Go is to Western chess as philosophy is to double entry accounting. ~ American novelist Trevanian in the novel Shibumi (1979)
Go is the world’s oldest board game, invented 4,000–2,500 years ago in China. Go has long been popular and respected as an intellectual art form throughout East Asia, notably China, Japan, and Korea. There are over 40 million Go players worldwide.
A Go game begins with the board vacant. 2 players alternate placing black and white stones on the intersections, eventually forming groups of stones that create patterns delineating territory of empty intersections (spaces).
At the end of the game, each space under control of a player is counted as a point. The player with the most points wins.
Stones connect – horizontally and vertically, but not diagonally – to form groups. Any stone or group that is completely surrounded by enemy stones becomes captured: taken off the board, and at the conclusion of the game reducing the point count of the player whose stones they are.
Stones in captive groups not completely surrounded – dead stones – end up counting as 2 points: 1 for the space the stone sits on, and 1 for the captured stone, which hypothetically fills in an empty space on the territory of the player whose stone it is.
A group with a single eye (empty space), or which can be reduced to a single eye, can be captured by being surrounded externally, and then the single eye filled in to capture. Thus a group with no eyes or 1 eye can be killed.
In contrast, a group with at least 2 eyes is alive, and cannot be killed, as it can never be surrounded and captured as a 1-eyed group can. At the end of a game, territory is delineated by groups which cannot be reduced from having 2 or more eyes.
Despite simple rules, Go is a strategy game with a vast number of permutations: 10761 compared to 10120 in chess.
The apprehension of Go is a language and learns like one. Its patterns are like sentences, subject to syntax for forming live – grammatically-correct – groups.
The vocabulary of formations that may arise and give a roughly equal result in the corners to secure territory, and influence play across the board – joseki – number some 3,500.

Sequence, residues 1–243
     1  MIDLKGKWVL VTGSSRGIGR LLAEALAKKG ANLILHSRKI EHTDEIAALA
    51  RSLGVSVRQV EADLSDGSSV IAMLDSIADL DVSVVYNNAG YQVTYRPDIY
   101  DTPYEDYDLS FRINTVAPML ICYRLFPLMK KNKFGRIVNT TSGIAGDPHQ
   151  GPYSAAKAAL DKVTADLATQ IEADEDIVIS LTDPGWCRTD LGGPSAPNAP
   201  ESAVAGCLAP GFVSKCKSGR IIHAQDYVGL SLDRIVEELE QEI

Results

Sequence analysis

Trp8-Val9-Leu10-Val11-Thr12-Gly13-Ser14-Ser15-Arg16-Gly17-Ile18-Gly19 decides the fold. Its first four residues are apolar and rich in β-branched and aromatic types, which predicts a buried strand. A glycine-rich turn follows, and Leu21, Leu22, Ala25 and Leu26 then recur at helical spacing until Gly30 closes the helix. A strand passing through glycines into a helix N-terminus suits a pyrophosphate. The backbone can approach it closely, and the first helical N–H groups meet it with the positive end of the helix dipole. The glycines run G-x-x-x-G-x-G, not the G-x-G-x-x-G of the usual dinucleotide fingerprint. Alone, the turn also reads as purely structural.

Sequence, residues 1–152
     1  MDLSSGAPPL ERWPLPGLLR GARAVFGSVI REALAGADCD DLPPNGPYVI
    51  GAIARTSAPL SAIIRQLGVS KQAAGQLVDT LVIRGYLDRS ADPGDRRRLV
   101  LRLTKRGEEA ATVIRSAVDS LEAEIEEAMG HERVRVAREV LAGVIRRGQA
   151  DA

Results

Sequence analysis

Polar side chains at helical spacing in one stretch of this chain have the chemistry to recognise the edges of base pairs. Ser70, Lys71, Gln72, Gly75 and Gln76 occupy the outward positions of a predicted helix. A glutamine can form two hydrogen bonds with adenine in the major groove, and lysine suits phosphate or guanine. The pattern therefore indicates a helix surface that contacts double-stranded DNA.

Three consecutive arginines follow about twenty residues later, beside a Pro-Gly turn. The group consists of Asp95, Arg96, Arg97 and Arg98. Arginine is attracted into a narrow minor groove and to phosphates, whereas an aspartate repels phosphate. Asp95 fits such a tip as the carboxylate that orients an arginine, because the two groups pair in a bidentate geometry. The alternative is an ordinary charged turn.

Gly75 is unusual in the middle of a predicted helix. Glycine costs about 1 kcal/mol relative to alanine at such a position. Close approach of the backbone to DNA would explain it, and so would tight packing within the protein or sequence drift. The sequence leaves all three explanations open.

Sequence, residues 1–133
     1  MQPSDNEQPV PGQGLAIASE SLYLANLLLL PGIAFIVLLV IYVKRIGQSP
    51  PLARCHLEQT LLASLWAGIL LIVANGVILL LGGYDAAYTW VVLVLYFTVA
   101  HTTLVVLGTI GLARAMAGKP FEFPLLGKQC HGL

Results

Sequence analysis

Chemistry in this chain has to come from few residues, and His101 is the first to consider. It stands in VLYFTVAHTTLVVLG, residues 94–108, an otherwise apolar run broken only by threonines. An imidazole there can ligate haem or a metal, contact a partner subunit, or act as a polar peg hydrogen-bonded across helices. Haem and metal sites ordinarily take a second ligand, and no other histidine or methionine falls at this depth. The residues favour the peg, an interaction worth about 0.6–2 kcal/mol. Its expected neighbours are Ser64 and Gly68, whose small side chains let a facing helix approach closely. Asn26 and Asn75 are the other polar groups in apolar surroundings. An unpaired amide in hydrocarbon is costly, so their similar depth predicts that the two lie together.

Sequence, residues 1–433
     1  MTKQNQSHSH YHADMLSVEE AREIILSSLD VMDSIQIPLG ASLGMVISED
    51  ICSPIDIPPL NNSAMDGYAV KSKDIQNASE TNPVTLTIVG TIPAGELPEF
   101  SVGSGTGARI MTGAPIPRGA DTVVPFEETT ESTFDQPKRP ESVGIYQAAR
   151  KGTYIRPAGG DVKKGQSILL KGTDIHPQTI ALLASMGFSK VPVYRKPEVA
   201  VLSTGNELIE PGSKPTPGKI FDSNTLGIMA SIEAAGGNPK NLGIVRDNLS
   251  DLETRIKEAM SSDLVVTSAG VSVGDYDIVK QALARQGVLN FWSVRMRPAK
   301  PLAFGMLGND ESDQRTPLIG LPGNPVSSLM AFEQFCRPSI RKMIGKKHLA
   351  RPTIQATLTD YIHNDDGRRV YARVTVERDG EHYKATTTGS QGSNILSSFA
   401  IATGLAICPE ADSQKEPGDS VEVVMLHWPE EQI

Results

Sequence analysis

Similarly, there is surprising complexity in the potential life or death of groups, with especially adroit plays (tesuji) to effect and outcome. The shapes which define life-or-death situations number in the hundreds.
Go players are ranked according to skill. 45 different ranks are recognized, from rank beginner (30-kyu) to top-level professional (9-dan). (Go ranks ascend from 30-kyu to 1-kyu amateur, then 1-dan to 6-dan amateur. A 6-dan amateur is one step away from 1-dan professional. Professional rankings are 1-dan to 9-dan.) The difference between ranks is modest but discernible, equivalent to an extra (free) play on the board at the beginning of the game.
Historically, there have been professionals at the top (9-dan) level so strong that their potency against other players is estimated to have been up to 3 hypothetical ranks better (12-dan).
Go is played professionally in the East Asian countries where it is most popular, and the mental acumen required for skill in the game highly respected.
A child must begin playing Go early to have any chance of becoming a top professional. An ideal age to begin is 4–5 years. Even a 10-year-old novice is unlikely to become fluent enough to be able to go pro in Go.
The subtleties of this game are beyond the reach of the lazy, its triumph is too exquisite for the vulgar and materialistic man. ~ English diplomat and sinologist Herbert Giles